When we were barely of drinking age we discovered that treat of the French Riviera, the Kir Royale*—framboise (raspberry liqueur) and champagne—and we were hooked. Subsequently, every time we had a bottle of disappointing champagne or sparkling wine, we’d reach for the framboise and turn a glass of blah into a glass of ah! Now, we realize that almost anything-plus-champagne (or other sparkling wine) equals an exciting cocktail.
*Its unsparkling sister, the Kir, is made of framboise and white wine.
For people who want to serve their guests exciting drinks but question their skills to whip up a caipirinha, there’s nothing simpler than champagne-based cocktails. The sparkling wine does most of the work: you just need to add one simple ingredient (and in fact, with sparkling wine-based drinks you can’t do much more than that—you can’t even shake or do much more than give it the most gentle stir or the bubbles will collapse).
So, all you need to do choose your “mixer”—a liqueur, juice, or fruit puree—pour it into the flute or other stemmed glass, and top it off with the bubbly. No cocktail could be easier†.
- If you want, you can glam up the drinks even more by decorating the glasses with colorful festive glass rimmers (flavored, colored sugars) from companies like Stirrings and Urban Accents. Some are made to match the cocktail, or you can pair flavors made for similar cocktails. Moisten the rims with a lime wedge before dipping them into the rimmer.
- As with any drink, you can vary the strength—more juice and less wine, e.g. There is no standard “recipe” because it will depend on the size of your glass: some serve the cocktail in slim flutes, some use a larger wine glass.
- Puree is more concentrated than juice, so you can use 1/2 ounce per glass instead of 2 ounces of juice.
- For a flute, start with 1/2 ounce juice and 3 ounces of champagne and
†The original Champagne Cocktail is a sugar cube tossed into the glass with a dash or two of bitters.
Liqueurs, Juices & Purees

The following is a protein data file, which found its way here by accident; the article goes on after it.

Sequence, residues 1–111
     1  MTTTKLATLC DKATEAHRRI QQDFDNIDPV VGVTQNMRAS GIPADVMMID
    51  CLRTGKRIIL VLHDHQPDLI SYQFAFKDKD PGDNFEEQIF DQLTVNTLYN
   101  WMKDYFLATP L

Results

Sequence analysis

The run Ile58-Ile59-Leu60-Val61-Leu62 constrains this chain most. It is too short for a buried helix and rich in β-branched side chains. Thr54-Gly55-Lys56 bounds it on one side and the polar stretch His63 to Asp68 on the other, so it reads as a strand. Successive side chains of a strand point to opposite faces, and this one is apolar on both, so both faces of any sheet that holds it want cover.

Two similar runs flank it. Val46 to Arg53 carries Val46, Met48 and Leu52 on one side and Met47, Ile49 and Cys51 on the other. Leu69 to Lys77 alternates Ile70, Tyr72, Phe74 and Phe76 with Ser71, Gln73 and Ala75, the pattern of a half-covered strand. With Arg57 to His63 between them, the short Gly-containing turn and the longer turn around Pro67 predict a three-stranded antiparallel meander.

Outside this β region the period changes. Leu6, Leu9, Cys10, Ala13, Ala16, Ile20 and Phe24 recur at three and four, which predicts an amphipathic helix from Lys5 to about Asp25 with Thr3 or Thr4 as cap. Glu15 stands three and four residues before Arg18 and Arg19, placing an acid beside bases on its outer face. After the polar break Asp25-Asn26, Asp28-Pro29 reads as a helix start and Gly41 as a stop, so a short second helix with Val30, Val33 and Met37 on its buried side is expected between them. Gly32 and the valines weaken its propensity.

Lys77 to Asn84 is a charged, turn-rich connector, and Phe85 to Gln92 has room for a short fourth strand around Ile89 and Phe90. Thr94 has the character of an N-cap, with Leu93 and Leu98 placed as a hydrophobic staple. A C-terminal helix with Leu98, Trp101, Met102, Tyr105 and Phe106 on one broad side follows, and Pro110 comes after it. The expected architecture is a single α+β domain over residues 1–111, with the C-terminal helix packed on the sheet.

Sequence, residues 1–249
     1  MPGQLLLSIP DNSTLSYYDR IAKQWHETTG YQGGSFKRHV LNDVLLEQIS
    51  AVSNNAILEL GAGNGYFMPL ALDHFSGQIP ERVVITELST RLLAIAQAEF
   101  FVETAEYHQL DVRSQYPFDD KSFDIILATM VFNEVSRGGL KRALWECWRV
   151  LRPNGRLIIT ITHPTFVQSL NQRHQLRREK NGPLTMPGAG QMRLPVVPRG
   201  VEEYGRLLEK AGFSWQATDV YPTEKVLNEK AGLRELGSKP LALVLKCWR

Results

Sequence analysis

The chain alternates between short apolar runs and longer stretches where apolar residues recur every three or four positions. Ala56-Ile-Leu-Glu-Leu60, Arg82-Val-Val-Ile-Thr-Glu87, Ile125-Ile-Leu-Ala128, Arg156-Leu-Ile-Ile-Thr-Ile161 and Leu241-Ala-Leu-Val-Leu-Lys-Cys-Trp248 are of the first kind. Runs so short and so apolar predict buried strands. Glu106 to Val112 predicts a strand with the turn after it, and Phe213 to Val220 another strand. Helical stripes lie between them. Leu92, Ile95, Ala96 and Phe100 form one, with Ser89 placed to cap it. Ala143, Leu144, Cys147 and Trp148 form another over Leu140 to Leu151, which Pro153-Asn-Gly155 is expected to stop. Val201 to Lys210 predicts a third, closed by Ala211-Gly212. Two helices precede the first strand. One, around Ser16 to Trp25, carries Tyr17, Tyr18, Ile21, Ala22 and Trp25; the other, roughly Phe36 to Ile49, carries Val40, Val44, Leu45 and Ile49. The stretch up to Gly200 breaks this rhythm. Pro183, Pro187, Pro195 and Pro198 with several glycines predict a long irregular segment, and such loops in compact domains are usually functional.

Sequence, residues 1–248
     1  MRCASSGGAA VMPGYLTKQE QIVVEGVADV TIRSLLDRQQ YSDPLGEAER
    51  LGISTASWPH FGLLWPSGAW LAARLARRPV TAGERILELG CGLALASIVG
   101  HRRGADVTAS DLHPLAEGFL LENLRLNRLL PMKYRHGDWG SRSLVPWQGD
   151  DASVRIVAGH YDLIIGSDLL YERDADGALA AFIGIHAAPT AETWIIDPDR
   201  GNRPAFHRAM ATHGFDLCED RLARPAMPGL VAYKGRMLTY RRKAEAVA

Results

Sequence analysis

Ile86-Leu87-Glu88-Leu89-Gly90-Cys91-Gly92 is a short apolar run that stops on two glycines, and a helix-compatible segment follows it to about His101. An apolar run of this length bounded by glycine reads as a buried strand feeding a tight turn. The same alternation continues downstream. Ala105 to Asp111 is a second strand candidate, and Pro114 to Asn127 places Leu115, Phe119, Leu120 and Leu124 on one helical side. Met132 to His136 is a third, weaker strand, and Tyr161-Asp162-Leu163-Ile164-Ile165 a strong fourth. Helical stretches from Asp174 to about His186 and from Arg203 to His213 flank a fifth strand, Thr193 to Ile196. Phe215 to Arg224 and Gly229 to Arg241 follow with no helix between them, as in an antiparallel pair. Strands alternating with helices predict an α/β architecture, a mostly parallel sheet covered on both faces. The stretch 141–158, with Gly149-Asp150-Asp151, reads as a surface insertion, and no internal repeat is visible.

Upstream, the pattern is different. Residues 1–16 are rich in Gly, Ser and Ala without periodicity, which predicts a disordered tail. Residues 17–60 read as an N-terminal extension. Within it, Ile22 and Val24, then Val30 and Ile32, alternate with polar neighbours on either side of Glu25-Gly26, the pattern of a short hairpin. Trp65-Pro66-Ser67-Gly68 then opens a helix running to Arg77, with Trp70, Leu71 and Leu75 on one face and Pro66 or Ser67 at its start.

Look for juices in frozen and fresh sections as well as canned. Specialty food stores will have exciting fresh seasonal juices like blood orange; or you may find the frozen concentrate.
- Blood Orange Juice. The more exciting mimosa. Serve with a fresh raspberry—blood orange has raspberry flavor notes. Rim with Urban Accents Mandarin or Stirrings Tangerini Rimmer.
- Crème de Mure. French blackberry liqueur is unusual and exquisitely delicious. Add a fresh blackberry to the glass. Rim with Urban Accents Cosmo Rimmer or Stirrings Pomegranate Rimmer.
- Framboise. The original kir royale. Drop a fresh raspberry into the glass. Rim with Urban Accents Cosmo Rimmer or Stirrings Pomegranate Rimmer.
- Mango Juice or Puree. A new classic. Rim with Stirrings Mango Rimmer.
- Peach Juice or Nectar. The classic Bellini is made with white peach juice. Rim with Stirrings Bellini Rimmer.
- Pear Nectar. Serve with a slice of fresh pear. Rim with Stirrings Apple Martini or Urban Accents Appletini Rimmer.
Rimmers can be purchased at Stirrings.com and UrbanAccents.com.
Cava, Champagne, & Prosecco
Your choice of sparkling wines can vary. Don’t crack open the Dom Perignon for these drinks—the reason to drink fine champagnes is to enjoy every nuance of their toasty, caramel tones. In a cocktail, all of those flavors will be covered up by the mixers. Inexpensive champagnes work best here.
We use a variety of sparklers:
- Champagnes: Both domestic and imported
- Cava: Spanish sparkling wines
- Prosecco: Italian sparkling wine used for Bellinis
There are delicious sparkling wines made in other countries as well. Consult with your local wine merchant. For $10-$12 a bottle—sometimes even less—you should be able to get something very tasty. The objective is not to find the cheapest wine, but wine good enough to serve straight; in fact, so that those who don’t want the cocktail can enjoy it on its own merit.
|California: Sparkling Wine
We’d love to hear about your own favorite sparkling “mixers.” Click here to drop us a note.